Novel HSF1 Pathway Inhibitor to Be Studied in Ovarian Carcinoma


A pharmaceutical company initiated a phase 1b study in patients with platinum-resistant, ARID1a-mutated ovarian carcinoma.


NXP800 will be studied in ovarain cancer.

Nuvectis Pharma announced that it has initiated a phase 1b study to assess a novel HSF1 pathway inhibitor for the treatment of patients with platinum-resistant, ARID1a-mutated ovarian carcinoma.

According to a press release from Nuvectis Pharma, the manufacturer of the therapy, NXP800 is an oral, small molecule inhibitor of the HSF1 pathway inhibitor that has demonstrated strong antitumor activity in xenograft models (transplanting a tissue, organ or cells to an individual of another species) of several disease models including ARID1a-mutated ovarian carcinoma.

“We are excited to announce the initiation of the phase 1b study in which NXP800 will be tested for the first time in patients with a target disease,” Ron Bentsur, chairman and chief executive officer of Nuvectis, said in the release.

The design for this phase 1b study is based on findings from the phase 1a study, which included patients with various types of non-target, advanced solid tumors. Researchers aim to enroll patients with platinum-resistant, ARID1a-mutated ovarian cancer to assess the safety, tolerability and efficacy of NXP800.

Two dosing regimens — 50 milligrams and 75 milligrams — will be assigned to two groups of 25 patients each, according to the release. Each dosing regimen will be administered to patients once per day.

“The robust preclinical antitumor activity of NXP800, coupled with the data from the phase 1a dose-escalation study, led to the design of the phase 1b study, including the definition of the patient population and selection of doses and dosing schedules. Based on the totality of the data generated to date, we believe that NXP800 has the potential to become an effective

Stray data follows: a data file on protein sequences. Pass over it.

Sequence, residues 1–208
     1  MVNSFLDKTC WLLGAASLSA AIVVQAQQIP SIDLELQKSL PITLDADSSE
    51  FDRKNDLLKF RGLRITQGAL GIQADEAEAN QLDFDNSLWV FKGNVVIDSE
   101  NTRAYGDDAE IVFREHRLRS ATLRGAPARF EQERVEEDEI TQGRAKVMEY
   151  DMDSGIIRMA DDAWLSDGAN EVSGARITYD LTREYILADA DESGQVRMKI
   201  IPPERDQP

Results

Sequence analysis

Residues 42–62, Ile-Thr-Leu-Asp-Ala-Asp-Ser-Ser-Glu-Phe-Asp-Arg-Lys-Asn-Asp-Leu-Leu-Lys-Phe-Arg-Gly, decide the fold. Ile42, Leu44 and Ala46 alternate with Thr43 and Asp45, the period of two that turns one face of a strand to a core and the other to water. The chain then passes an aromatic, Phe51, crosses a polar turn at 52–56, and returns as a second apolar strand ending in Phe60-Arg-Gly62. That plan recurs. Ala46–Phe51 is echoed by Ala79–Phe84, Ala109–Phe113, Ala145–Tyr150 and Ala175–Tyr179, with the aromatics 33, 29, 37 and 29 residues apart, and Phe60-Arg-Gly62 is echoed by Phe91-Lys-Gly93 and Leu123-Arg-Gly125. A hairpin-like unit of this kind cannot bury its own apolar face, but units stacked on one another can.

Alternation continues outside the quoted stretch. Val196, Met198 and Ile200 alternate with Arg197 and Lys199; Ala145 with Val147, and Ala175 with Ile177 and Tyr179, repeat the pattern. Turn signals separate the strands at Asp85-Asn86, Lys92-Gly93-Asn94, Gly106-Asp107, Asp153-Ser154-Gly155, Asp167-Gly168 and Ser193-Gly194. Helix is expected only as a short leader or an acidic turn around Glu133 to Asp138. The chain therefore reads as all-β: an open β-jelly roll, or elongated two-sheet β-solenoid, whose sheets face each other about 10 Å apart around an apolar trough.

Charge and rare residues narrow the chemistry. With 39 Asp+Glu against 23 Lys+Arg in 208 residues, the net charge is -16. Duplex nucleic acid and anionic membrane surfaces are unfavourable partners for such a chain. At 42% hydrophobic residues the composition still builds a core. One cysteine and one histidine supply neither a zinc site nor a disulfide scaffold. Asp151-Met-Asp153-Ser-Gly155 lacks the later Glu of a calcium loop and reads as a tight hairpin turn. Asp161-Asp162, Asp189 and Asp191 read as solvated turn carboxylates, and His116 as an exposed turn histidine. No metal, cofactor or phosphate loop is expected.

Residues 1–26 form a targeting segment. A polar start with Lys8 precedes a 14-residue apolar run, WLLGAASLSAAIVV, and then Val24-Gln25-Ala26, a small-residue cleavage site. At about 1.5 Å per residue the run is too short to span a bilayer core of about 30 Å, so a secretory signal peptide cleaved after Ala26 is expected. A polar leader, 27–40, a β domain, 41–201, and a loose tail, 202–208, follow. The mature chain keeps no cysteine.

This phase 1b study will be conducted in 25 to 30 sites in the United States, the United Kingdom and Europe.

NXP800 for the treatment of patients with platinum-resistant, ARID1a-mutated ovarian cancer has been granted Fast Track Designation by the Food and Drug Administration (FDA). According to the FDA’s website, the Fast Track Designation is granted to therapies to facilitate its development and expedite the review of drugs to treat serious conditions and fill an unmet need.

ARID1a-mutated ovarian carcinoma mainly consists of ovarian clear-cell carcinoma and ovarian endometrioid carcinoma, according to the release. Each of these histologies (or microscopic anatomy) represents an estimated 10% of all patients with ovarian cancer in the U.S., and each type is diagnosed in approximately 2,200 patients per year.

Platinum-resistant ovarian carcinoma is considered a condition of unmet medical need since there is a lack of effective treatments for this patient population, of whom typically have a poor prognosis, according to the release. An estimated 66% of patients with ovarian clear-cell carcinoma and 40% of patients with ovarian endometroid carcinoma have the ARID1a mutation, which may indicate that NXP800 can provide patients with an effective treatment option.

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